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Wednesday, October 15, 2014

GLEN CAMPBELL: I'LL BE ME


By D.E.Levine

When legendary and beloved recording artist Glen Campbell announced that he had Alzheimer 's disease, he decided to do one final farewell tour.

Enlisting the aid of director James Keach, we see Campbell's valiant struggle against a non-curable disease that encroaches further upon him daily.

Campbell has truly done a courageous thing by allowing the public to see the ravages of the disease as they attack his mind.  Opening with scenes of Campbell and wife Kim watching old home movies where he frequently cannot recognize himself or his children, the film takes us right into his doctor's offices at the Mayo Clinic where unable to respond to basic historical questions Campbell finally says, "I can play guitar".

His musical skills remain intact as we see his mental state deteriorate.  And, don't think that Campbell isn't aware of the disease.  Viewers see him preparing for an appearance on The Tonight Show, which goes perfectly, and is followed by his triumphant outburst that he "got through it".

It is heartbreaking to watch this gentle, talented man lose his mental abilities.  On tour to promote his 2011 album Ghost on the Canvas, he is carefully monitored by his wife and children, three of whom appear and perform with him on stage.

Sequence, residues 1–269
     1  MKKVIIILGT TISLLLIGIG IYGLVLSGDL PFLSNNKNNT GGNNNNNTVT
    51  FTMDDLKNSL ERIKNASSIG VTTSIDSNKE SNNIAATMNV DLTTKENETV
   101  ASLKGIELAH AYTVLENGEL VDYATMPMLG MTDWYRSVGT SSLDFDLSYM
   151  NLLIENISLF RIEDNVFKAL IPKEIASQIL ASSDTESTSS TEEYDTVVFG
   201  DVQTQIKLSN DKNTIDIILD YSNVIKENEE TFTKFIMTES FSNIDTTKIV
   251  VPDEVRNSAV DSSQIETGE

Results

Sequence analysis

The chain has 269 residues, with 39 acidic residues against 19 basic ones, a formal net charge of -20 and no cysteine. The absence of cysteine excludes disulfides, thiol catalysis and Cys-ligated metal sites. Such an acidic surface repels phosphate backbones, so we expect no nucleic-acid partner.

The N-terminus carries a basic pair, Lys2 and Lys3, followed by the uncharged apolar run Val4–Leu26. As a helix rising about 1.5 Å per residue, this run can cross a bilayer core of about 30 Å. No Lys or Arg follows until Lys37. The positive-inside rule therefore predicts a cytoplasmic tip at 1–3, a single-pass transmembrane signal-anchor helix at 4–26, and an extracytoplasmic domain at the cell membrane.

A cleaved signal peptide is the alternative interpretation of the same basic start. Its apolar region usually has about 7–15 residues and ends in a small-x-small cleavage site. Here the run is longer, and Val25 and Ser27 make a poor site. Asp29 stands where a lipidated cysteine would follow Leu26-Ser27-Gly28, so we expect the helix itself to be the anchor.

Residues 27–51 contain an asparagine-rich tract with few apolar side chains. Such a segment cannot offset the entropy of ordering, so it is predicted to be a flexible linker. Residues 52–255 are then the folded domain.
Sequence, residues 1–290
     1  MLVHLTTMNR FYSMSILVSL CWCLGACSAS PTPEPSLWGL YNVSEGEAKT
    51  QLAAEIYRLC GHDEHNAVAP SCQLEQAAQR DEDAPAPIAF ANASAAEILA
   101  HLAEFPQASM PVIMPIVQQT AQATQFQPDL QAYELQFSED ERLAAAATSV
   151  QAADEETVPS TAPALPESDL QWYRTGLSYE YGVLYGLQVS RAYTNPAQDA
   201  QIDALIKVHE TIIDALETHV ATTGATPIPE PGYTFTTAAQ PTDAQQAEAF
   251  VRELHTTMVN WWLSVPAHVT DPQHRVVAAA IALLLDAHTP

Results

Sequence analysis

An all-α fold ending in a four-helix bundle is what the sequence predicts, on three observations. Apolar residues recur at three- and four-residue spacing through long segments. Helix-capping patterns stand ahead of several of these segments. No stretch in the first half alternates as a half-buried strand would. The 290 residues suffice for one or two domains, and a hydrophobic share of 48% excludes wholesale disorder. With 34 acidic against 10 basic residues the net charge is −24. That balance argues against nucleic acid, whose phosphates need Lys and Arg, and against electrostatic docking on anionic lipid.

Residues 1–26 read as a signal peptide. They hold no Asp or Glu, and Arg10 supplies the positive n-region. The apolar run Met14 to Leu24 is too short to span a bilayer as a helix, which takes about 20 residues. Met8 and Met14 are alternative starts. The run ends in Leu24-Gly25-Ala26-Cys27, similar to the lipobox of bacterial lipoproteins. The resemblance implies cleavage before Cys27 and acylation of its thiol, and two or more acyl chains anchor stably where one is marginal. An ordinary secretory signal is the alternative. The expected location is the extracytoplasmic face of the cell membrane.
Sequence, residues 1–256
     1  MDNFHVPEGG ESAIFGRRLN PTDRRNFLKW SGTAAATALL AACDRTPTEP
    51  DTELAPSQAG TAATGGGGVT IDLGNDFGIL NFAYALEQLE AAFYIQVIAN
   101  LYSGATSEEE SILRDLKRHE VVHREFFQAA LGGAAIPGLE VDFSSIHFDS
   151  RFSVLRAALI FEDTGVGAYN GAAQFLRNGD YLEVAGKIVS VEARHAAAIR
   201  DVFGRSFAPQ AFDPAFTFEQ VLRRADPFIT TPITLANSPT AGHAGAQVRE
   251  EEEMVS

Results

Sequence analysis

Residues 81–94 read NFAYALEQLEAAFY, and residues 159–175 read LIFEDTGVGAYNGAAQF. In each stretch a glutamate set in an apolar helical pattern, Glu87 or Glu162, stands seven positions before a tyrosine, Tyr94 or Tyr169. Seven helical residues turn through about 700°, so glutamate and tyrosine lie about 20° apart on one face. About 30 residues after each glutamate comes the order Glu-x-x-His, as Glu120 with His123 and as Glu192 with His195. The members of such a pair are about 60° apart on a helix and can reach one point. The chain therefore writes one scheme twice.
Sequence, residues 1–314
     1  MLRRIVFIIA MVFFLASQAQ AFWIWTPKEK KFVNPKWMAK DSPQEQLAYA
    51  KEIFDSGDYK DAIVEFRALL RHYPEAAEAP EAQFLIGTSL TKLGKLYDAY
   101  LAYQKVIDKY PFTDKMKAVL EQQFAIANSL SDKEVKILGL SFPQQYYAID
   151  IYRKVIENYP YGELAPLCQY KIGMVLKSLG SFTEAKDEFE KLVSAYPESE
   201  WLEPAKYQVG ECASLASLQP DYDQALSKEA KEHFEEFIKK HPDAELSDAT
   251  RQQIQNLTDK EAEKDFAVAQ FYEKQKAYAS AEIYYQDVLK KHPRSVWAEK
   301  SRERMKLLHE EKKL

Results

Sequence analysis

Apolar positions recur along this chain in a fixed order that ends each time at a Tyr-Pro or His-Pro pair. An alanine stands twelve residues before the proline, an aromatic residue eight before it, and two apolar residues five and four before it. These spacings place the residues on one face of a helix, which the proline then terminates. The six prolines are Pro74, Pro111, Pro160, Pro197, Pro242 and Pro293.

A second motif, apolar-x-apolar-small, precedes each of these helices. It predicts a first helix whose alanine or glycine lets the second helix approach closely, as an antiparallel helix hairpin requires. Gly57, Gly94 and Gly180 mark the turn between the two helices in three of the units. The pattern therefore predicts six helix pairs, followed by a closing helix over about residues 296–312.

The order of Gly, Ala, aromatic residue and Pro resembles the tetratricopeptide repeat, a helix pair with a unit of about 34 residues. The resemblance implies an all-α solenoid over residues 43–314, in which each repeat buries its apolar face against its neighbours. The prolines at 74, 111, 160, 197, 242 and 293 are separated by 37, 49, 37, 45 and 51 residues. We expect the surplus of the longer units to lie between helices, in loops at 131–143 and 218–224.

Although he never loses his skills at playing instrumentally, his memory deteriorates and he forgets the words to even old classics and depends increasingly on a Teleprompter.  The tender interaction of his spouse and children who watch over him and repeatedly explain that he's losing his memory is  touching and heartbreaking simultaneously.  Campbell, however, remains consistently upbeat.

Finally, at the end of the tour in Napa, California, Campbell can barely get through the performance and is completely unaware that he has played his last performance on stage.  Keach doesn't camouflage the effects of the disease as Campbell becomes frustrated in situations where his memory fails him and phases totally out of other situations.

The end of the film is a touching reunion of Campbell with The Wrecking Crew, one of the all time great session bands, when they record "I'm Not Gonna Miss You", which will be his last record.